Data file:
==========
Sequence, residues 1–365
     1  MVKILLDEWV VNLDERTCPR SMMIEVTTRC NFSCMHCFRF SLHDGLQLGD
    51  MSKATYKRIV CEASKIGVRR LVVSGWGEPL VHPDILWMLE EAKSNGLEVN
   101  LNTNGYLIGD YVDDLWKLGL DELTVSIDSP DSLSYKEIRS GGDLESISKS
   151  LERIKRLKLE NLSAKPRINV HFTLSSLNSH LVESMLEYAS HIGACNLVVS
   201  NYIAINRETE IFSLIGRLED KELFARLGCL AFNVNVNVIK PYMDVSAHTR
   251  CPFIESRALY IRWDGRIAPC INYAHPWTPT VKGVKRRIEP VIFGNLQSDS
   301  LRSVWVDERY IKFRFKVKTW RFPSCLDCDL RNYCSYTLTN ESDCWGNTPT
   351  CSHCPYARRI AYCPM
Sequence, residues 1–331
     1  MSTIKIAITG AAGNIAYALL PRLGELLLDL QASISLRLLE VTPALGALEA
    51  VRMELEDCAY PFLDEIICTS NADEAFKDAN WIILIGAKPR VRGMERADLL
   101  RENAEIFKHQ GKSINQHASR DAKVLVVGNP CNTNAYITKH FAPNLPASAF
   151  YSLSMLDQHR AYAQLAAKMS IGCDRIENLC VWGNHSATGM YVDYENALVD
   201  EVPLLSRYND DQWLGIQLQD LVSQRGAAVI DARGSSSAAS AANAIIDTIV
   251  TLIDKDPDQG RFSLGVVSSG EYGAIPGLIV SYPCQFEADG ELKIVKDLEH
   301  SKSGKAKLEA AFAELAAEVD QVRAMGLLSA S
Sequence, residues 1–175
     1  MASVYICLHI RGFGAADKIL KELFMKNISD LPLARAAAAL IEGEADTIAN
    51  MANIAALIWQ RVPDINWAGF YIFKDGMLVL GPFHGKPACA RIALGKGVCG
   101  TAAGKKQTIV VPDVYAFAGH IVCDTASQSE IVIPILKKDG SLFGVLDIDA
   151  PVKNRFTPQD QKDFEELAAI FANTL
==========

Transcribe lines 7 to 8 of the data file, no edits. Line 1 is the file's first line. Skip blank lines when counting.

   251  CPFIESRALY IRWDGRIAPC INYAHPWTPT VKGVKRRIEP VIFGNLQSDS
   301  LRSVWVDERY IKFRFKVKTW RFPSCLDCDL RNYCSYTLTN ESDCWGNTPT